It’s no secret that bad habits can be hard to break. While behavioral science experts claim that it takes twenty one days to break a habit, not many people last that long. To combat this problem, Maneesh Sethi created Pavlok–a small armband that when pressed, the user is given a small shock. The goal here is that whenever the user performs their bad habit–such as nail biting–they press the armband for a shock. Although Sethi might not have been aware the kind of stir his product would cause, his appearance on Shark Tank in 2016 certainly shook things up.
HOW DOES IT WORK?
Pavlok–similarly sounding to Ivan Pavlov and his famous experiment with salivating dogs–uses a behavioral therapy called aversive conditioning. Essentially, aversive conditioning is the therapy of breaking bad habits. Every time an unwanted behavior is performed, an unpleasant stimuli–such as a shock–is given to train the brain that said behavior is bad. Sometimes, rehabilitation programs might use aversive conditioning on alcoholics so that whenever they drink, they get sick and therefore do not even crave drinking after several treatments. Pavlok is no different in this respect, and can be used for any kind of bad habit. The owner, Sethi, actually used the product to combat his ADHD, which frequently distracted him from getting work done. Whenever he stopped working and looked at Facebook, Sethi would give himself a shock, and after awhile, he didn’t have to anymore.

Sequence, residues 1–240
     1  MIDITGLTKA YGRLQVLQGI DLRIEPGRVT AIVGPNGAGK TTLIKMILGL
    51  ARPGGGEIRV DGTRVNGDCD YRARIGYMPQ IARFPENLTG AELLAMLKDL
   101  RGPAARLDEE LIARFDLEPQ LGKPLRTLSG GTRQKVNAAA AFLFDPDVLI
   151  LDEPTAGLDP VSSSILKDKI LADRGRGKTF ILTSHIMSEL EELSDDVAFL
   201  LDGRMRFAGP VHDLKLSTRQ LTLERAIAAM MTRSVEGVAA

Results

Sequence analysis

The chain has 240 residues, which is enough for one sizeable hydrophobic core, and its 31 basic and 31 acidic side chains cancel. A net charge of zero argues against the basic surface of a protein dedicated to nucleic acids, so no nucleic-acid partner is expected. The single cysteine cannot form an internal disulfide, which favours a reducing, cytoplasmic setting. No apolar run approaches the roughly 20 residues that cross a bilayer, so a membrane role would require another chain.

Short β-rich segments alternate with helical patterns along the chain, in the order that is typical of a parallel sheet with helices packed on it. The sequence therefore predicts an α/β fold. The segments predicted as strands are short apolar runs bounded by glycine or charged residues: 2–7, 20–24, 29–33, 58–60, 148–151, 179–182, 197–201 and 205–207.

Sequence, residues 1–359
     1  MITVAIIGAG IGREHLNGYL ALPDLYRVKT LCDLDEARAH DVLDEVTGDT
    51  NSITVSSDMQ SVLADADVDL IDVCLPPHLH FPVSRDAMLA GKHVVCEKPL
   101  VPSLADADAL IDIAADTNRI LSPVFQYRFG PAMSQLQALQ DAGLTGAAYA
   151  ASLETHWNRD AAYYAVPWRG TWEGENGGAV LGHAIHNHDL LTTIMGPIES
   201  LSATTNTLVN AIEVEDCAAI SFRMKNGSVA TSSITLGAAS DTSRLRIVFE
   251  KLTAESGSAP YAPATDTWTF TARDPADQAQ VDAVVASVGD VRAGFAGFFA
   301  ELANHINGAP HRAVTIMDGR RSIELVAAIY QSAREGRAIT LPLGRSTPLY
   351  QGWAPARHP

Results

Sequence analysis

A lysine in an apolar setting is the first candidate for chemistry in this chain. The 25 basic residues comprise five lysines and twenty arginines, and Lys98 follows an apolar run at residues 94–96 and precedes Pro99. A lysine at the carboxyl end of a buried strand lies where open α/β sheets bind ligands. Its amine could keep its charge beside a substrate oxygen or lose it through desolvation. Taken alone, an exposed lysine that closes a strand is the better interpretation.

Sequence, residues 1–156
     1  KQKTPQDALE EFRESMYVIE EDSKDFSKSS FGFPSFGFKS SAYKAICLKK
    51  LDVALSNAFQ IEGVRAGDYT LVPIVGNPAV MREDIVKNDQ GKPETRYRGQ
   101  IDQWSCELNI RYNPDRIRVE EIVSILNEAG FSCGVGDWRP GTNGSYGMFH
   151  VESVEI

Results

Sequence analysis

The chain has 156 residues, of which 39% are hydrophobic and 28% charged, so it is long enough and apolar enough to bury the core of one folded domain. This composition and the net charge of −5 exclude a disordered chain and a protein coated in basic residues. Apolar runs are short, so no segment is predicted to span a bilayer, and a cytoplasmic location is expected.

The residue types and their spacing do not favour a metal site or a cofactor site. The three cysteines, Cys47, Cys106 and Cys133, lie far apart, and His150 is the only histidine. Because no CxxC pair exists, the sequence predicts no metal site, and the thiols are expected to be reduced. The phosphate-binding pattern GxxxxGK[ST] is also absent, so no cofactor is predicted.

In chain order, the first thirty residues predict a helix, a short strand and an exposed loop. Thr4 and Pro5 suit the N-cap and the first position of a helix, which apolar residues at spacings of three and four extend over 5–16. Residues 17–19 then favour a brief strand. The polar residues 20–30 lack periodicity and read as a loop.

WHAT HAPPENED ON SHARK TANK
When Maneesh Sethi presented Pavlok on Shark Tank, he made a very bold proposal–$500,000 for a less than five percent of the company. Immediately, the Sharks were almost hostile to this idea, and questioned Sethi extensively about why he believed his company was valued high. After explaining Pavlok and all of the Sharks actually experiencing a shock, Maneesh received very mixed responses: Mark did not believe Maneesh had done enough research, Robert was unsure that anyone would have the self-discipline to shock themselves, and both Lori and Barbara bowed out in the complicated explanatory process. At the end, after quite a few outbursts from the judges, it was Kevin who offered Sethi the $500,000 as a loan he would pay back in two years with a high interest rate. Compared to what Sethi walked into the Shark Tank asking for, this was quite a far cry. Instead, Sethi politely declined–despite Kevin’s not-so-polite response–and went on his way.
Now, a nearly a year later, Sethi’s product garnered 10,000 new users and customers raving about how Pavlok has changed their lives. The armband, which can be synced with Amazon and GPS, has expanded. Sethi has made an extension for Google Chrome that is designed to help users be more productive, and even has courses on how train yourself to get rid of bad habits. Despite his unwelcome appearance on Shark Tank, Sethi’s product has still continued to succeed. The simple behavioral therapy behind it, aversive conditioning, has been used by psychologists for a long time, and more than enough experiments and studies have shown its worth. In a world where many wish they could just “shock away their bad habits”, Pavlok might be exactly what is needed.